Formula 1's managing director of motorsport Ross Brawn says a new governance structure being considered for 2021 will help prevent teams from exploiting blatant loopholes to dominate the championship.
The massive overhaul of regulations for next year, aimed at making the racing better and helping close up the grid, has opened up the risk of a team making use of a grey area in the rules to find a potentially decisive advantage.
But Brawn, whose eponymous team famously used the double diffuser to great effect in 2009 to win the title that year, says the structures being put in place should help avoid such a scenario.
In particular, he cites a new rules-making process between the teams and F1's rule makers as being a key factor in helping matters.
The new structure being proposed compromises of 10 votes each for teams, for F1 and for the FIA. Changes for the following year would require a 'simple' majority of 25, whereas more immediate rule changes require support from a 'super' majority of 28.
This effectively means there are circumstance where if one or two teams have found a way around the rules, then they will not be able to prevent others from shutting it down immediately.
Speaking about the proposed changes, Brawn said: "The governance in the past has been the teams have to all agree to make a change.
"We're pushing through governance where we can make changes, with much more short notice than at the present time. So, if you exploit a loophole in the future, you can be shut down the next race, which you could never do now.
"If one team stands out there with a solution that had never been conceived and had never been imagined, and destroys the whole principle of what's trying to be done, the governance would allow, with sufficient support from the other teams, to stop it. And this is a whole different philosophy.
"And what then happens, someone who has a loophole thinks to themselves, do I want to use it and risk it being stopped? Or do I want to tell the FIA about it because it wasn't intended?"
Brawn does not believe that the new structure will stifle innovation, as he reckons moves to change rules will only be pushed through if there is a clear exploitation of a grey area.
"We want people with an understood set of regulations to be the best at what they do," he explains. "And I think they have to rely on us, and the FIA, that we're not going to penalise someone who has a great idea. And that is subjective.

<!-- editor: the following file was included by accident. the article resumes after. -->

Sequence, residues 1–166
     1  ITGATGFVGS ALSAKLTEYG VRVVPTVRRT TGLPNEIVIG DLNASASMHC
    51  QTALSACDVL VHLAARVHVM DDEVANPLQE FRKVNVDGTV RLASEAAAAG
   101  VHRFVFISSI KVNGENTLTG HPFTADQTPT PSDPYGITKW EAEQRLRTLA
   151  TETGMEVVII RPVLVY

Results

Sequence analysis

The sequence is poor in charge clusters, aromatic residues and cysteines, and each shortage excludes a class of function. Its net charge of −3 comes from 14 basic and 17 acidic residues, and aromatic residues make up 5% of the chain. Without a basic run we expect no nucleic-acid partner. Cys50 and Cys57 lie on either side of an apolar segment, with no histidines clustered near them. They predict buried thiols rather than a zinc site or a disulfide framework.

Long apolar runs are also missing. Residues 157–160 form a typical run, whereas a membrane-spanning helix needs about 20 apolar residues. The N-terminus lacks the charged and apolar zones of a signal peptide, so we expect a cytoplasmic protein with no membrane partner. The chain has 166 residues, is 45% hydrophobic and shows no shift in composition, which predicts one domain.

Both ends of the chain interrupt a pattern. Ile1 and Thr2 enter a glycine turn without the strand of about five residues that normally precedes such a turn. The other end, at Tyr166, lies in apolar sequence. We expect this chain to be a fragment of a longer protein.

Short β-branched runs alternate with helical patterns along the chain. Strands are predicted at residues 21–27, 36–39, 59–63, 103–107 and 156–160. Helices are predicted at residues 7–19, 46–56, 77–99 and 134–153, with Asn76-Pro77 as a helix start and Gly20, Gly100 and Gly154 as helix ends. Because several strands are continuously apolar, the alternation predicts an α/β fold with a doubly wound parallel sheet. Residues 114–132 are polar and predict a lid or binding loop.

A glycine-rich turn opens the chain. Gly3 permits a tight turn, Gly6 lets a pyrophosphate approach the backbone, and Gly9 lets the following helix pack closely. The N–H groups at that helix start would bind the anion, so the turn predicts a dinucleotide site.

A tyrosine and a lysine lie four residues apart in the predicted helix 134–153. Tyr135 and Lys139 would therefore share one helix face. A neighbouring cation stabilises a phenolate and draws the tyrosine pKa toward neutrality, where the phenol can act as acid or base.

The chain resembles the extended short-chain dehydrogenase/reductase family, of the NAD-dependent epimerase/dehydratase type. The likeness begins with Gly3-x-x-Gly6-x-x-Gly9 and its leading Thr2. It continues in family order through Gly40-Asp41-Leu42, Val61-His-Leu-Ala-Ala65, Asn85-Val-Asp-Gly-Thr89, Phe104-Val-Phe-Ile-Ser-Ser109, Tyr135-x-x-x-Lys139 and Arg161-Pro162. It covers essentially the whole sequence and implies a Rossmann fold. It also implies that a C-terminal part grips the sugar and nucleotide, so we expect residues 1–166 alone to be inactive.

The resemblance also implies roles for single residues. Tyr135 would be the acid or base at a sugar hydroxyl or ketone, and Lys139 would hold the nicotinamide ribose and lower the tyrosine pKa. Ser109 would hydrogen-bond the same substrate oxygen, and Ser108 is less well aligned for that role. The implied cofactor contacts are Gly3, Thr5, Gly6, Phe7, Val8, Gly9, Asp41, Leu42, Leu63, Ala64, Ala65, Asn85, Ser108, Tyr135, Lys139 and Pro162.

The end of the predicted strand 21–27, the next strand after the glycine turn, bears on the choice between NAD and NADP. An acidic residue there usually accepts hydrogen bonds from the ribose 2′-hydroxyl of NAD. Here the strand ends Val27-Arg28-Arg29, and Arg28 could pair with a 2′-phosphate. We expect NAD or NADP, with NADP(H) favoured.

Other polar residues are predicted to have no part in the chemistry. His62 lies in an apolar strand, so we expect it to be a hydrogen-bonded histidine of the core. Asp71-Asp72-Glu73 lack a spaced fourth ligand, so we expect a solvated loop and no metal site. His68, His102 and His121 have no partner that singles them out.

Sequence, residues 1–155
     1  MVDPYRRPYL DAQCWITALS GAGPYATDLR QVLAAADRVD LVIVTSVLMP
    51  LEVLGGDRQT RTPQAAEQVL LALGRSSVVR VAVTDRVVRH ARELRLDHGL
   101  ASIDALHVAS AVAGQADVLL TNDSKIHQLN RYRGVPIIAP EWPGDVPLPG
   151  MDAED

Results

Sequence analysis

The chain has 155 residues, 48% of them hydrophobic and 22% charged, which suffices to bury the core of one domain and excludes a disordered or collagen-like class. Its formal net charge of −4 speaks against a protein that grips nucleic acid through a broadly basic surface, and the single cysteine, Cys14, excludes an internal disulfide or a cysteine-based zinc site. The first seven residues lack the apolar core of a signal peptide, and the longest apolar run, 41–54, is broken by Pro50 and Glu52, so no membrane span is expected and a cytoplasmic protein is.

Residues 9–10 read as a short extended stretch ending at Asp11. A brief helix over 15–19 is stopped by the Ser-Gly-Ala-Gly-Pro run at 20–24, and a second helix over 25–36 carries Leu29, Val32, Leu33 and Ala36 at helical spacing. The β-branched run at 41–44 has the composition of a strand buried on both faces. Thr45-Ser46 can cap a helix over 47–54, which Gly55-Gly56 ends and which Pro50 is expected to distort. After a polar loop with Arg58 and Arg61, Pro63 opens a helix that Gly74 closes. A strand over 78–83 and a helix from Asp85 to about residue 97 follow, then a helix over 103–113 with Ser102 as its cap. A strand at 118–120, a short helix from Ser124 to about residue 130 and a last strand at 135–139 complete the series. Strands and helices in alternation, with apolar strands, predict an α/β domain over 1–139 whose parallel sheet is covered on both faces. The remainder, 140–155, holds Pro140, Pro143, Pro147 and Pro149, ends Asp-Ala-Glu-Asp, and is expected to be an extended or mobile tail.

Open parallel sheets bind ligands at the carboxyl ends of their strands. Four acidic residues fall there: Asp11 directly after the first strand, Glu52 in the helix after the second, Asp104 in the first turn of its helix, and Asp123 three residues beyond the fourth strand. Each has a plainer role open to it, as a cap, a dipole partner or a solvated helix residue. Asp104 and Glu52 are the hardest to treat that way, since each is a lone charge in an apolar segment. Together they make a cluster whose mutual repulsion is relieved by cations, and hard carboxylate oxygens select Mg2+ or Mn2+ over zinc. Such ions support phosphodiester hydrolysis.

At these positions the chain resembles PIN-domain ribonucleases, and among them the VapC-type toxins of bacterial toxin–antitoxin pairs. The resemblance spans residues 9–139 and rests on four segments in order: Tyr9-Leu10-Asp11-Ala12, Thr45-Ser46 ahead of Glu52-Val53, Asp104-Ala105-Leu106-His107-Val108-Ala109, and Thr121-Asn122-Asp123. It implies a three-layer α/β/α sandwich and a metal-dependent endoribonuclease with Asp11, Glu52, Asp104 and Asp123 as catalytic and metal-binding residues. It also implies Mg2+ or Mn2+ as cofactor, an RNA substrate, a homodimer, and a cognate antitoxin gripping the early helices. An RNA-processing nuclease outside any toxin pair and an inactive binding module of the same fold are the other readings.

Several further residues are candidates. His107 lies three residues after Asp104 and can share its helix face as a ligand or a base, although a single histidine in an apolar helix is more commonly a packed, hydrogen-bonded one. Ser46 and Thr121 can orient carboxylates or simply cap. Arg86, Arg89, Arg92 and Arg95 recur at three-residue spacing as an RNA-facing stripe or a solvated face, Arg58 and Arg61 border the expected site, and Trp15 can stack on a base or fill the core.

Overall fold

"But is a great idea the fact that somebody put a comma in the wrong place in the regulation, which means a lawyer can interpret it in a diverse way? I don't think it is.
"I think a great idea is: this is what was intended, we realised we can do this. So it's a fine line, but the governance in F1 is just as crucial a part of the process as the other changes we've made.
"I can accept that maybe, rather like in 2009, someone gets it right, someone gets it wrong," he says, referring to his title-winning campaign when the double diffuser was so influential.
"But I think you have to look fundamentally at the fact that only three teams won [recently], and are only ever going to win, because no one else even came close.
"And you are just leaving things at risk, with the budgets those teams are spending, to a slight downturn in the economy and then suddenly it becomes a problem [for F1].
"So there is a risk. There's a chance that in 2021, somebody will get a jump on the opposition. But I think it's a necessary reset. Otherwise, I don't know we are going to correct the situation we're in."
For Brawn, the mantra about rule stability being all that is needed for a closer fight is a form of propaganda that has been long been used by the top teams to retain their dominant positions.
Asked about the prospect of a super close 2020 because of rule stability, Brawn said: "Yeah. And that's been their defence, if I can put it that way, that as we carry on, then the competition will improve because with stability [things close up].
"But that stability is limited to three teams and it's teams which are spending probably approaching half a billion pounds. We don't think that's a good situation. We want F1 teams to succeed in a much more sustainable way than that.
"We want Mercedes to be in a situation that it's such good value for money, there's no way they'll ever stop, because why would they? The amount they are spending, they are getting far more return than spending.
"And if there was a little tremor in their economic environment, it's fine because they can cope with it and it doesn't matter. And that's why we think there's a need for change."